Every so often you come across somebody who has a great personal story to tell about a wreck. Gordon Collony is one such person. Now in his eighties,(2012) but still sharp as a tack Gordon told me about how he and a friend salvaged some of the Louis Shied in the fifties, using a hard hat to start with. Here is his story.
Today I met Gordon. He is in his eighties but still full of life and sharp with it. He told me the story, or at least some of the story, about scrapping the prop and the condenser from the Louis Shied wrecked in Thurlestone. Gordon found the wreck by accident in the early fifties whilst out with his family on Thurlestone beach. He snorkeler out to the stern post that still sticks out of the water and in the shallow water below he saw a large prop with four long blades. Gordon thought it would be a shame to leave it there, so decided to try and get it ashore with the help of his mate Steve. To make matters legal he went to the receiver of wrecks in Salcombe told them all about it and asked permission to have a go at salvaging the prop and anything else that was down there. In those days it was all very low key and the receiver said ‘carry on Gordon, and good luck to you’.
Gordon did not know how to dive so went off to Dartmouth to see a bloke called Captain T.E.Hampton who ran an early BSAC course. After he had done that, the next thing was to get some gear. As luck would have it the Eglington brothers were just selling off all theirs, and a small boat. They were well known for being the people who had cleared the remains of the Hoe Pier after it had been bombed in the war. Gordon and Steve got all the gear around to Thurlestone and decided to start with the prop. On examination they found that the prop consisted of four brass blades each about nine feet long bolted to a large cast iron boss They had no chance of undoing the bolts so they determined to blow it off. Although not knowing anything about explosives they did know that you had to have a licence to get some, so they went round to their local Police Station to apply for one. It was as easy as that. I know that today it sounds incredible, but I can vouch for the truth of it, because one of my friends did exactly the same in Brighton in the early sixties.
Armed with the explosive and detonators they set off to blow the prop. Gordon was not sure how much to put on the boss to break it and probably erred on the side of too much. However he didn’t think it was too much, because they stayed in the boat whilst they detonated the charge. Just as well, as the boss shattered like shrapnel, depositing the four blades on the sand. The next job was to too get the blades ashore. The boat was too small to float them in on the tide so Gordon managed to get an old petrol tank from a scrapyard. At low tide they strapped the blade to the tank and as the tide rose floated the blades into shore. Gordon borrowed a tractor to lift the blades onto a knackered lorry that he had also borrowed and of they went to the scrap yard in Plymouth. Unfortunately halfway up the steep hill from Modbury the lorry ran out of petrol so they had to leave it with its precious cargo until they got some more a few hours later. Pleased with their efforts and buoyed up by their success they decided to turn their attention to the condenser.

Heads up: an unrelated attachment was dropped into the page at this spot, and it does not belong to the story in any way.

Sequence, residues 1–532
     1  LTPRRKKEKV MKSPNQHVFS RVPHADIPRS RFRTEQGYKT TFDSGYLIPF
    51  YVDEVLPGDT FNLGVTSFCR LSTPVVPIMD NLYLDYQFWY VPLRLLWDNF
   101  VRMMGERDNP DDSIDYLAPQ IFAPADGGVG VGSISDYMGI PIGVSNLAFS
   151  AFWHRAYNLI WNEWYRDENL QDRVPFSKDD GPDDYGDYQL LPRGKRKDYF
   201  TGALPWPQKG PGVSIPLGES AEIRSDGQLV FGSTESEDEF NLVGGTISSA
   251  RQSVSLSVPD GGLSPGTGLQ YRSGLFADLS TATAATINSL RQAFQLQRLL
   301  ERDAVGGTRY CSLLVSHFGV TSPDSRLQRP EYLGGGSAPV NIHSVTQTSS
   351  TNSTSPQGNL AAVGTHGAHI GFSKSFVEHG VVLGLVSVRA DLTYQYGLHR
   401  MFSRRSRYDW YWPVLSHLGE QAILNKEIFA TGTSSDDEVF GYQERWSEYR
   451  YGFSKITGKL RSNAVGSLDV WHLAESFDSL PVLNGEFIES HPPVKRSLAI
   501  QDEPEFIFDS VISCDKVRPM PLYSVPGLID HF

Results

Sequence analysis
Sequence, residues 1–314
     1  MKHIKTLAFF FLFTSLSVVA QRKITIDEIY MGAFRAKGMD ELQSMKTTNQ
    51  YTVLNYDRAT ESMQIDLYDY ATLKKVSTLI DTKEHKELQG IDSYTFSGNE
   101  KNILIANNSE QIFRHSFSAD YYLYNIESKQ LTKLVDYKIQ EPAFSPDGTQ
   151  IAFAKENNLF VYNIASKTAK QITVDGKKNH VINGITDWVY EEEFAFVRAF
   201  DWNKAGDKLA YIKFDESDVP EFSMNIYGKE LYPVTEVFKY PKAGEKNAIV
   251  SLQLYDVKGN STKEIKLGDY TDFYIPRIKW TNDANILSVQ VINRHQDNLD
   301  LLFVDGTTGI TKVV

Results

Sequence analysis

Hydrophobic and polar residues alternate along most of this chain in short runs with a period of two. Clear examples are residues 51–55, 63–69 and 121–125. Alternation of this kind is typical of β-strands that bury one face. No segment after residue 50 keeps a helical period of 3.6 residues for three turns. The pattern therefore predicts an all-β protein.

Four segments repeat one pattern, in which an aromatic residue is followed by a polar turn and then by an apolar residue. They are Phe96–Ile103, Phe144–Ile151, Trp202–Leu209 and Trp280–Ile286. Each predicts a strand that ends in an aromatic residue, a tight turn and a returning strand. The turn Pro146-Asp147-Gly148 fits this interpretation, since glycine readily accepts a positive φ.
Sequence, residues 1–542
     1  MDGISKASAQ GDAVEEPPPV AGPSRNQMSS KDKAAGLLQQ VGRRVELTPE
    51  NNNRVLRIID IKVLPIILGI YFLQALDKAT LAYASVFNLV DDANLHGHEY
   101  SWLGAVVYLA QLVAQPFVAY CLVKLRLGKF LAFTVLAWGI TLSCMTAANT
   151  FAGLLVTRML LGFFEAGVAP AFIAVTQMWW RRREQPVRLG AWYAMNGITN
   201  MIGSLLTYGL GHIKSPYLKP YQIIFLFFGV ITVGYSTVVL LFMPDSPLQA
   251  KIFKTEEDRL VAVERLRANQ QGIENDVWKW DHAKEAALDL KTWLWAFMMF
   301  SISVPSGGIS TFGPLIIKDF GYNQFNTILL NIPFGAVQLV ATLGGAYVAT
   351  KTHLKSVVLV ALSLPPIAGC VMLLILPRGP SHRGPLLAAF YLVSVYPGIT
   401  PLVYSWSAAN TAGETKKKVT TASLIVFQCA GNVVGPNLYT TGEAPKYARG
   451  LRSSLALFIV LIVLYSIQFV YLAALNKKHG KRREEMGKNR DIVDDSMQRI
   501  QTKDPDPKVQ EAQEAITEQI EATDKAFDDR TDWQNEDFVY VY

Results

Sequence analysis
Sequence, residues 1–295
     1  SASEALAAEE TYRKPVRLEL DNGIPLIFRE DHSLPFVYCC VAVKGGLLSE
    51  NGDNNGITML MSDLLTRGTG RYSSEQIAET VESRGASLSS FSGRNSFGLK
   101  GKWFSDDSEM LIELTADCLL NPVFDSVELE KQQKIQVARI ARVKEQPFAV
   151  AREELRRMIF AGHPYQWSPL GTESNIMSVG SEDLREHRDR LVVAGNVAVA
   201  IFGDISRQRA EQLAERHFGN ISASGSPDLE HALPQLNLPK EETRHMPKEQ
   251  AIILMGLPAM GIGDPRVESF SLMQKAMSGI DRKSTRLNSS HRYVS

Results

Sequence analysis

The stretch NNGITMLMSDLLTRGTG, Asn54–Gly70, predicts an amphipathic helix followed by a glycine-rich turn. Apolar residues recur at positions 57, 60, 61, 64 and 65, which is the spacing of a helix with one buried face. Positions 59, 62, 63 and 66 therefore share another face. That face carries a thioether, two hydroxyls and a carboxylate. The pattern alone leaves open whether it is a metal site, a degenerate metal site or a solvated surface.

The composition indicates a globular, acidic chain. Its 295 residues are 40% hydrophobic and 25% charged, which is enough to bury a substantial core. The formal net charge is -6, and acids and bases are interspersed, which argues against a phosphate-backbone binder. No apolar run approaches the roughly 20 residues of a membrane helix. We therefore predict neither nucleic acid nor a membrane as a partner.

This was to proved much more of a problem. For a start Gordon didn’t have a boat big enough for the job, the boat had to be big enough to hold all their gear and act as a lifting vessel to float the condenser all 22 tons of it into shore. The condenser proved to be much more of a problem. For a start Gordon did not have a big enough boat to float the condenser. After a bit of looking he found an old LST in Stonehouse creek. It was in a pretty bad state but by patching it up with plywood they thought it would manage to do the job and they soon sailed it around to Hope Cove just around the corner from the Louis Shied. Gordon and his mate Steve soon got to work on cutting the many pipes that held the condenser to the wreck. The condenser weighed about 22 tons with iron slabs at each end. Each of the slabs were prized off by axing all the pipes. What Gordon didn’t know at the time was that all the pipes in the condenser were full of sand. You could not tell because axing the pipes free of the slabs had closed them all off, but when it came to weighing in the condenser it was going to weigh more than they thought. That was to be a bonus. Then they started cutting off all the copper pipes that held the condenser to the wreck and when they thought they had done all they could they blew of the big exhaust pipe which unfortunately had a very jagged edge and fixed wire strops underneath the great lump and took the ends up to the LST.